JAGADISAN J. - One Mohamed Rowther of Muthupet in Tanjore district migrated to Penang in 1938 and carried on a lighterage business in the Penang Harbour. He married two wives in India, by whom he had nine children. For the sake of convenience, we would refer to them in this judgment as the Indian heirs. He also married a Malayan wife and had a son by her. This wife and son would be referred to in this judgment as the Malayan heirs. Mohamed Rowther had a successful business career, and, besides the lucrative business at Penang, he came to own large extent of house properties and agricultural lands in India. During his absence in Malaya, his son-in-law one Dawood Ghani, was managing the properties in India under a power of attorney. Mohamed Rowther executed his last will and testament on 9th August, 1943, and died on 17th August, 1943. His estate devolved upon the two Indian wives, their nine children, the Malayan wife and her only son. Under the will, he had, however, appointed three executors and trustees to administer the properties belonging to him until they were divided and distributed to his heirs-in-laws; and they were (1) Amir Mohideen, (2) Mohamed Noorudeen and (3) Sheik Ahmed. Penang was under Japanese occupation at the time of Mohamed Rowthers death and for some time thereafter. The executors obtained probate of the will from the Japanese court on 12th December, 1944. After the British re-occupation sometime in 1945, this probate was confirmed by the British court. All the three executors, however, did not take up the management of the estate of the deceased, Mohamed Rowther. It was only Amir Mohideen who appears to have carried on the lighterage business in his capacity as executor till it was taken over by the power of attorney agent of the Indian heirs on 18th December, 1946. The news of the death of Mohamed Rowther was received by the Indian heirs only after the British re-occupation in 1945. On 3rd September, 1945, the Indian heirs remitted a sum of $ 15,000 through the Indian Overseas Bank Ltd., to the executors to enable them to carry on the lighterage business. Hameed Sultan, the eldest son of the deceased Mohamed Rowther, and Dawood Ghani, his son-in-law left India on or about 10th June, 1946, for Penang. A power of attorney was executed in favour of Dawood Ghani and Hameed Sultan by the Indian heirs on 26th August, 1946. Actually, the management of the business at Penang was taken over by these power of attorney agents from the functioning executor, Amir Mohideen, on 18th December, 1946. Dawood Ghani returned to India on 25th June, 1947, and again left for Malaya in November, 1948. Hameed Sultan appears to have been staying on at Penang from 1946 onwards.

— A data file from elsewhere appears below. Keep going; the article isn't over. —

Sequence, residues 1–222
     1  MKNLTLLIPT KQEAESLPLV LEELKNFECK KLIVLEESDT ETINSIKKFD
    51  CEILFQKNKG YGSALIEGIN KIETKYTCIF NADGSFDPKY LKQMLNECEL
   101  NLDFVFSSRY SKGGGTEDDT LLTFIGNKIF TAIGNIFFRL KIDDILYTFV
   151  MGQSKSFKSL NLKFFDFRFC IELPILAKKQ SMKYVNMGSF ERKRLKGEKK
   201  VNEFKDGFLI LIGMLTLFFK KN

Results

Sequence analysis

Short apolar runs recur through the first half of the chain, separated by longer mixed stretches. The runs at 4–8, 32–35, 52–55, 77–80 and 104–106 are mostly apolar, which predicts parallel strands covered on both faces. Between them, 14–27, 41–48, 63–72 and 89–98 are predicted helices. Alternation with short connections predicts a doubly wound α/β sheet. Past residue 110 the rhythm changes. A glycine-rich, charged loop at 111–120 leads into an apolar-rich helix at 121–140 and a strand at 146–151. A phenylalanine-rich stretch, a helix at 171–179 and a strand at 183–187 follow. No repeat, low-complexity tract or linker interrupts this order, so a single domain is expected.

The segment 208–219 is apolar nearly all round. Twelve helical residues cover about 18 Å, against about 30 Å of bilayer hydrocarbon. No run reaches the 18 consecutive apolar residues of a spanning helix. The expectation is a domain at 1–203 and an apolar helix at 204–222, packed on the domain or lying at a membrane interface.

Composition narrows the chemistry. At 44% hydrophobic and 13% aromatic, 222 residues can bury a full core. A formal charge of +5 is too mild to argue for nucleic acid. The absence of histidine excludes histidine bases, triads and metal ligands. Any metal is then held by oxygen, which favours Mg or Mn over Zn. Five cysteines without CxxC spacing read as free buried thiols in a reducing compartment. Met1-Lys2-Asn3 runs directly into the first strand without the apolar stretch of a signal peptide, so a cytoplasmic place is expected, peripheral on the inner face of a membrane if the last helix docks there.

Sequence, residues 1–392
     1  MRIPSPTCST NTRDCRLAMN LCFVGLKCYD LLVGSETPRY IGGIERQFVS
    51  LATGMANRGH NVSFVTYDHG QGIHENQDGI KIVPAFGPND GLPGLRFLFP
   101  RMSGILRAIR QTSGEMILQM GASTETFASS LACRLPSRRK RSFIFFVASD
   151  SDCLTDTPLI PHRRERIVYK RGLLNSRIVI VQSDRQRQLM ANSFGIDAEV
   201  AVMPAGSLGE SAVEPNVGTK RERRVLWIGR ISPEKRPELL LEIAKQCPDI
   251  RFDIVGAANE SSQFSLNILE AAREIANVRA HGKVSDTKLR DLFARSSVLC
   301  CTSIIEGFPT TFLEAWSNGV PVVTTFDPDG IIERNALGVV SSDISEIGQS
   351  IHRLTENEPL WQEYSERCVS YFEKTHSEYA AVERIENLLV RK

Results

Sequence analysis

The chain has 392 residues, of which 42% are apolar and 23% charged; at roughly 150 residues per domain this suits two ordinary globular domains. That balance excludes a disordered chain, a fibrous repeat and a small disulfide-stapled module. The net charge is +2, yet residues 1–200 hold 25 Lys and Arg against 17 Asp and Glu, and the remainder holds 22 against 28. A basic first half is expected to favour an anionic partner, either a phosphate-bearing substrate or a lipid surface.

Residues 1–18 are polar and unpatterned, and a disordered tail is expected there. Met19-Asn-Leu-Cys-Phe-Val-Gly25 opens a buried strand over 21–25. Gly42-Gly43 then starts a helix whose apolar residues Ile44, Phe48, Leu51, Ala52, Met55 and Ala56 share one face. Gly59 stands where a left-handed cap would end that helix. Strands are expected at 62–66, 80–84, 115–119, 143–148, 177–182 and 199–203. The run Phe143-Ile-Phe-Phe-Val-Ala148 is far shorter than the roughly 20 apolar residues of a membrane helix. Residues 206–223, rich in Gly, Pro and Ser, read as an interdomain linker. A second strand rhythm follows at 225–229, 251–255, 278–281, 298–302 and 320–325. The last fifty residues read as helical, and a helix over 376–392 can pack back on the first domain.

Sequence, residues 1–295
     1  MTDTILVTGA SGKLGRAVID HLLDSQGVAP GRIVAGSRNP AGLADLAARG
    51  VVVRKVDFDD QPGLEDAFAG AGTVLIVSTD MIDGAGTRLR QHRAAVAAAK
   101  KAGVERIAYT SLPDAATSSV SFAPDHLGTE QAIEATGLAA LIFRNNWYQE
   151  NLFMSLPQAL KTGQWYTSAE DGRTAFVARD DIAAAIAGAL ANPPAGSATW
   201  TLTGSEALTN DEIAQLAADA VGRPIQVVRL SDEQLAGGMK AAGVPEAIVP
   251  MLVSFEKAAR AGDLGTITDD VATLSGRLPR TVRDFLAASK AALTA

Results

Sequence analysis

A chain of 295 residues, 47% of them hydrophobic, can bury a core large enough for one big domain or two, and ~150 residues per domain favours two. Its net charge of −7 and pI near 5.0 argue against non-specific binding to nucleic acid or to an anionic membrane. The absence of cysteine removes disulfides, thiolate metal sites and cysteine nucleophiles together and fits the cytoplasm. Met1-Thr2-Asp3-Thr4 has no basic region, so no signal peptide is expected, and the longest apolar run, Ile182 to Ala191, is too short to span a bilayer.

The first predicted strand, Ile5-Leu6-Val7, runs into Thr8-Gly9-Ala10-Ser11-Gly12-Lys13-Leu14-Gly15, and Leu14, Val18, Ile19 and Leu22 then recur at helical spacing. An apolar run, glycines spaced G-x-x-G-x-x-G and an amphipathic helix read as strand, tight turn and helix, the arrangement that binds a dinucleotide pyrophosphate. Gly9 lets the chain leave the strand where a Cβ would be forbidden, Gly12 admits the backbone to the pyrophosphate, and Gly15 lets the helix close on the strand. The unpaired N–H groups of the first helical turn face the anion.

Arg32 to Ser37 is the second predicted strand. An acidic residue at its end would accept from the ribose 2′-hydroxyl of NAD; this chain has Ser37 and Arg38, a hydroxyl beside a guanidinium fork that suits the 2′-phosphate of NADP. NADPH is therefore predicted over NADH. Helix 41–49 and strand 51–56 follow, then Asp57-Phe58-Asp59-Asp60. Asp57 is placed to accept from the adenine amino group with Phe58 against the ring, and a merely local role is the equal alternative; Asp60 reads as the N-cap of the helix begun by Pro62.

The Income-tax Officer, Nagapattinam, assessed the income of the estate of the deceased, Mohamed Rowther, in the hands of his heirs and legal representatives for the calendar years 1945, 1946, 1947 and 1948, the previous years relevant to the assessment being 1946-47, 1947-48, 1948-49 and 1949-50. His heirs, Indian as well as Malayan, were treated as an association of persons under the Indian Income-tax Act, and the entire income of the estate was brought to tax, treating the association as the unit of assessment. The contention raised on behalf of the Indian heirs that they were merely co-heirs of a deceased Mohammedan, that they did not constitute an association of persons, and that the assessment should be made as against each heir in respect of his or her share income was negatived by the Income-tax Officer. Their further plea that they should be treated as non-residents also did not find favour with the officer. The following tabular statement gives the particulars of the income, Indian and foreign, of the estate during the relevant assessment years :